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Oct 26, 2011 10:58 AM

Storing French Macaron Shells

I am making french macarons for a friend's baby shower. I know that I will put the macarons together the day before the event in order to give the flavors time to meld. I am hoping to make the shells a few days before that, though. How far in advance can you make macaron shells and what is the best way to store them? I have read that they can be frozen but I am wondering if I can just keep them in the fridge since I will be using them a day or two after I make them.


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  1. I would freeze them, filled or not.
    The fridge tends to make baked goods stale, while the freezer holds baked items quite well.
    Macarons do particularly well in the freezer, and I often keep mine frozen, and filled, a month or so.

    1. Ditto the freezing. put them in a rigid container, separated by layers of wax paper.

      1. I'd fill them and freeze them -- they just won't keep all that well empty -- and won't keep at all in the fridge.

        1. I'd freeze the finished French macarons (filled with center), not the shells alone as it will be harder to manipulate them afterwards.

          1. A couple of weeks ago I was in a Macaron workshop led by Pierre Herme. He said to make and fill them the day before you serve/sell them. He did not say to refrigerate them, but they felt cool, so I think they were. We made them in the class, and ate the fresh ones, then he passed out a batch that had been made the day before, and you could taste the difference -- and also the texture difference.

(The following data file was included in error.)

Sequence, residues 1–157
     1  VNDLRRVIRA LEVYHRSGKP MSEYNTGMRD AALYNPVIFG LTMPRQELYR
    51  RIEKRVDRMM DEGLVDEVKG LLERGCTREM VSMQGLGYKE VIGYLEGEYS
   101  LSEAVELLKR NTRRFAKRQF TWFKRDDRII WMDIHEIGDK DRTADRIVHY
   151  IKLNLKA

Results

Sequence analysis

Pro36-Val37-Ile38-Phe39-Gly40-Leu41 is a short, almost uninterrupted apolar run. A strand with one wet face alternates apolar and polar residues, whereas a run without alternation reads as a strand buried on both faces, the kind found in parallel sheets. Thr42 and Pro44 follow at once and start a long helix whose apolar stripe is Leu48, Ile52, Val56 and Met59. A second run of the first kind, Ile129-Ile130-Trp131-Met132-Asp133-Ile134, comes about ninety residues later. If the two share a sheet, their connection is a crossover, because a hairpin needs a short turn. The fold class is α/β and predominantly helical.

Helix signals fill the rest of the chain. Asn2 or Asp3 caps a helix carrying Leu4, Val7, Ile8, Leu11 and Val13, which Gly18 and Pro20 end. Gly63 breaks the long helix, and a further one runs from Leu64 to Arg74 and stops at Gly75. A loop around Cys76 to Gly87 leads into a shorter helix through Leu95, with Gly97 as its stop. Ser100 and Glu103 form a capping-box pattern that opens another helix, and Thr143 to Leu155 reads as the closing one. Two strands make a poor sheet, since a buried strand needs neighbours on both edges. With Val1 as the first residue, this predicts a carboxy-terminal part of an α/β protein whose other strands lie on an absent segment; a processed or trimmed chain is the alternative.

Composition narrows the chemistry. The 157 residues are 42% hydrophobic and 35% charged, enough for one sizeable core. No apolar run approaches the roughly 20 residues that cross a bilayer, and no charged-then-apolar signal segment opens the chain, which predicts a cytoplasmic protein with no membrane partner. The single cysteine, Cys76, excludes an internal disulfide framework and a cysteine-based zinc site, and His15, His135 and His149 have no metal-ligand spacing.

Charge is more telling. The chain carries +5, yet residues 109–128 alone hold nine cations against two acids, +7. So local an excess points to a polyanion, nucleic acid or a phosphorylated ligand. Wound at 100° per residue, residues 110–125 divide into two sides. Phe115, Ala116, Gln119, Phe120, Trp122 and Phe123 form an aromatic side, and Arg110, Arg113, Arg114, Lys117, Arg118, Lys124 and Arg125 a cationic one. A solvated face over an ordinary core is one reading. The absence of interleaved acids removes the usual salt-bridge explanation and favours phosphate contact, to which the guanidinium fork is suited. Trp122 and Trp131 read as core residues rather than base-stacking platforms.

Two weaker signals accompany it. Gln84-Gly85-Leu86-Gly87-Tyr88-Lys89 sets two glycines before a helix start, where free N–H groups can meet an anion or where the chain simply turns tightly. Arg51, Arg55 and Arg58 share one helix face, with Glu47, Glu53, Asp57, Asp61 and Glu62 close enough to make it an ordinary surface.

that said: if I were making the cookie part just a day or so ahead of filling them, I would store them in an air-tight tin in a cool, dry place. I would fill them the day before and refrigerate.

            4 Replies
            1. re: ChefJune

              Wow, must have been a fantastic experience! I love Pierre Herme!

              What was the difference between the day-before and fresh macarons in terms of taste and texture?

              1. re: Miss Needle

                The fresh macarons were crisper, the day old ones were crisp around the edges, but the texture was delightfully chewy. the filling flavors were better married the 2nd day.

                BTW, we made his pistachio-mint macarons, and he puts 3 green peas in with the ganache.

                1. re: ChefJune

                  Thanks for your explanation. His macarons are my favorite from all that I've had so far, including Laduree. I've heard that Herme's method isn't very traditional.

                  1. re: ChefJune

                    tell me more about the peas....I'm not sure whether to yuck, yum, or utter a thoughtful "hmm"